Pregnancy and COVID-19: No Evidence of Increased Risk to Moms & Babies


A letter from Dr. Evan Rosenbluth on pregnancy and COVID-19

Couple with hands on wife's pregnant belly for article on pregnancy and Covid-19 | Reproductive Science Center San Fransisco Bay AreaGreetings from home. I hope that you are all safe, isolated and healthy. I am doing alright, hoping that California is being the country’s role model for staying in place and flattening the curve.

Of course, emotions run the gamut throughout the day: nervous, bored, punchy, stir-crazy, appreciative, terrified … sometimes all within a matter of minutes! Pandemics have run their course throughout history. The difference with pregnancy and COVID-19 is that it has never been this easy to travel, the world has never been so populated, and news has never disseminated so quickly.

Due to this, both the actual virus and the news of the virus travel at an unprecedented speed. Images of very sick patients and overloaded hospitals flood our news streams. The tidal wave of information can be terrifying, particularly, for all of  our pregnant patients or patients who are actively trying to conceive. Our patients and their families are surely wondering, How will the virus affect my child? How will the virus affect me while I’m pregnant?

These thoughts are especially true on the heels of the Zika virus. The tragic effects that has on the developing child and newborns are terrifying and shocking. Because of the Zika outbreak in 2016, major organizations like the American College of Obstetricians and Gynecologists and the Centers for Disease Control and Prevention recommend not trying to conceive if there is a possibility of exposure to the Zika virus.

Mother kissing little baby at home

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There is reassuring news about pregnancy and COVID-19

This coronavirus (COVID-19) is a mutated virus, which makes it new to our planet. Since we have never seen it before, we do not know its effect on developing fetuses. However, we live in an age where data can be shared so quickly. There is some reassuring news when it comes to pregnancy and COVID-19.

On March 28, 2020, an article was published online that is, to date, the largest outcome study of pregnant women infected by COVID-19. Thirty-eight pregnant women infected by the virus and outcomes of their children were studied. Fortunately, no evidence of the virus was found in the babies, amniotic fluid, vaginal mucus, urine, feces, saliva, or breast milk. The authors concluded that, unlike other coronavirus studied before (SARS and MERS), there was no evidence of vertical transmission (transmission from mom to child). That is reassuring.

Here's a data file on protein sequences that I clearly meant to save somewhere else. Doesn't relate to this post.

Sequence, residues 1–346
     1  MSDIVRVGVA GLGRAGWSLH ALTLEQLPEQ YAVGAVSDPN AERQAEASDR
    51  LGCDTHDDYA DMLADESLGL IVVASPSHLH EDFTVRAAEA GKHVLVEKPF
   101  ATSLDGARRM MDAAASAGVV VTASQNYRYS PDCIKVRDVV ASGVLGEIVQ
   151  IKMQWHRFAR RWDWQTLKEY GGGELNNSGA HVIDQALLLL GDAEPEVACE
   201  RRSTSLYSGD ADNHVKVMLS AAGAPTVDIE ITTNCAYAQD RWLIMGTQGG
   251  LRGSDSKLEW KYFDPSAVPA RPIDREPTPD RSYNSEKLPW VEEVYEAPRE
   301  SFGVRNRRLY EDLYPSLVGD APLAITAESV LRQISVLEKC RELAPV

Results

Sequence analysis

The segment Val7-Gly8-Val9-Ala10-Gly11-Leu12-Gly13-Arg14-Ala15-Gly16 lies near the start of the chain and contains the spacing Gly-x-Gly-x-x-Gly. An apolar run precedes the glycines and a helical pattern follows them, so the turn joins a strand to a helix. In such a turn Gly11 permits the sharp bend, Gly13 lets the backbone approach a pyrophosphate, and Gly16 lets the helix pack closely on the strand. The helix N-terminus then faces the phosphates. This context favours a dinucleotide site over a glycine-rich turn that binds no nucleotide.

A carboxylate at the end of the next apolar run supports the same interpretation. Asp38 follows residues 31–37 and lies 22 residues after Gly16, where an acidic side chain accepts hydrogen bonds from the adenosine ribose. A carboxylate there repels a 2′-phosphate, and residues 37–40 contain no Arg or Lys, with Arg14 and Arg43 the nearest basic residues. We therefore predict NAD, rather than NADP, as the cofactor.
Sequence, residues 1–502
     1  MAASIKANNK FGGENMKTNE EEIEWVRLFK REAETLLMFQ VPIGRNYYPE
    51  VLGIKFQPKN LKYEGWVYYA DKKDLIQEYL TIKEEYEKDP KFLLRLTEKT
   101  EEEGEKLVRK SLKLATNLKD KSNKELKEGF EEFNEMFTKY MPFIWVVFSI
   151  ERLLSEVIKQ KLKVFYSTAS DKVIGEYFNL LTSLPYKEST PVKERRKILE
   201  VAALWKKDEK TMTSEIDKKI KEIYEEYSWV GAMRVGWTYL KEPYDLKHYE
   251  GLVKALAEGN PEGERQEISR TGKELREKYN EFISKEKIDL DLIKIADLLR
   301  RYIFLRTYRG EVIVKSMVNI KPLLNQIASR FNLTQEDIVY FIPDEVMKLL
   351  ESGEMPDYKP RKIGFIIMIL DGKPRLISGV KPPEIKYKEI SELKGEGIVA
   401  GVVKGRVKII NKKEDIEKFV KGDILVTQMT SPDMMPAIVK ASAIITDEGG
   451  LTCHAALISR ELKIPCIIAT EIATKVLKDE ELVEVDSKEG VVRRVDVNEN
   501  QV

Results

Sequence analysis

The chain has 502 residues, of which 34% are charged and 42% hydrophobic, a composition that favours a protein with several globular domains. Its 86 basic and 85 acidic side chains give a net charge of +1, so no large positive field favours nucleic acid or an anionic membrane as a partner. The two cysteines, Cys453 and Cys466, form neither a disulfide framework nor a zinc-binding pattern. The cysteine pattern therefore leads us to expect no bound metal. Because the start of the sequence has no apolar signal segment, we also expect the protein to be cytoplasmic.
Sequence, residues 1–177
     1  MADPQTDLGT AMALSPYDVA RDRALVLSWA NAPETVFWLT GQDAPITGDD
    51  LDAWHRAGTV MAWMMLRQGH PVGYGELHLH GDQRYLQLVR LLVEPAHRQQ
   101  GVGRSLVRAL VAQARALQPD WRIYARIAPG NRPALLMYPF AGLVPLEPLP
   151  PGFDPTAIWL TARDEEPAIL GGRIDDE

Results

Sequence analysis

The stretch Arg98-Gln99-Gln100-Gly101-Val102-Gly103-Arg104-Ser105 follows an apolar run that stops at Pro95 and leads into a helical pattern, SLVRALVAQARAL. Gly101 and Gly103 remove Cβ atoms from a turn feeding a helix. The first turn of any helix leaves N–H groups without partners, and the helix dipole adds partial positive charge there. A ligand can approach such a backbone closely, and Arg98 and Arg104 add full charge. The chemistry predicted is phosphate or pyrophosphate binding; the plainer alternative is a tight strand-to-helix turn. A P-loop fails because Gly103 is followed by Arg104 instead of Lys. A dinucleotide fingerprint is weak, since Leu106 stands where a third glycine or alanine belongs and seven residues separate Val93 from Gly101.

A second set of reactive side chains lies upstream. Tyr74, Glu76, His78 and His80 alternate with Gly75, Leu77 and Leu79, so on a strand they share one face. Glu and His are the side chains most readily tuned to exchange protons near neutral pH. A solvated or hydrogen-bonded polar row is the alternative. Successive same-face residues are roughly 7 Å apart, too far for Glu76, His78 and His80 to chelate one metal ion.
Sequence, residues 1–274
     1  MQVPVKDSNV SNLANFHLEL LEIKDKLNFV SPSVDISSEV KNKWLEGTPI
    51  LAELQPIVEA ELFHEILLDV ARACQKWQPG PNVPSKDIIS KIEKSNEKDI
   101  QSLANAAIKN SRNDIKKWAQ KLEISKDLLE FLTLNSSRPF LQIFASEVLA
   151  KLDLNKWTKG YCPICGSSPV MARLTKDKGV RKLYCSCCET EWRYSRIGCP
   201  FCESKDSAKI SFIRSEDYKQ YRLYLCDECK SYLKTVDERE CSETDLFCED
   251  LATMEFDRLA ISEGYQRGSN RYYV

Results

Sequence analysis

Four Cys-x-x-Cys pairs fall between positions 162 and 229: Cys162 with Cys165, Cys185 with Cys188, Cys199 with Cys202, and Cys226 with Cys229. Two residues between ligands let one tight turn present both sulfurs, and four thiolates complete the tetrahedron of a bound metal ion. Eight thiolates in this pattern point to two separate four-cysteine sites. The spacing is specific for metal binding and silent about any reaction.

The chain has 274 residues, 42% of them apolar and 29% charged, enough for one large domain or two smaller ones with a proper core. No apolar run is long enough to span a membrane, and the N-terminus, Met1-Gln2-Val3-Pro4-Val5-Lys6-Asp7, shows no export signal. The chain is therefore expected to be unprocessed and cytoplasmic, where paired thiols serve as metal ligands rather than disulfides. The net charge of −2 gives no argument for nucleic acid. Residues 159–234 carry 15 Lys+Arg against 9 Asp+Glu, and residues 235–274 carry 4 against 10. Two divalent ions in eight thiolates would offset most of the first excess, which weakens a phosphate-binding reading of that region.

We know that other respiratory illnesses can have serious consequences for pregnant women, especially later in pregnancy. Because lung capacity is significantly diminished, respiratory infections in late trimester pregnant women can get very bad very quickly. We definitively know that there is an increased risk of severe sickness and death in pregnant women infected by influenza, SARS and MERS.

“Thankfully, there is no evidence of the increase for maternal risk with COVID-19 in these studied women. Other less extensive reports have also shown no increased risk to mother or baby as well.”

As of April 2, 2020, the American College of Obstetricians and Gynecologist , the Society for Maternal-Fetal Medicine and the Centers for Disease Control and Prevention have not issued any recommendations against trying to conceive during the active outbreak of COVID-19. Phew.

We are doing all that we can to reduce COVID-19 transmission

There is still much to learn about the virus. As of now, we only have outcome data from pregnant women exposed in the third trimester. We do not have any information about babies exposed earlier in pregnancy. We may find out in the future that earlier exposures may have an effect on babies and mothers, and recommendations for attempting pregnancy may change.

With that in mind, the best thing we can do is to keep doings we are doing: shelter in place, avoid contact with other people, maintain distance >6 feet if you have to be around others, covering mouths when coughing, and be vigilant about washing hands thoroughly and frequently. We can also take a bit of comfort in these reports that the vast majority of people infected with COVID-19 recover well, and, at this time, there is no evidence of increased risk to moms and their babies. We will keep you updated as new data come out.

Stay safe everyone. We will get through this!

Evan Rosenbluth, MD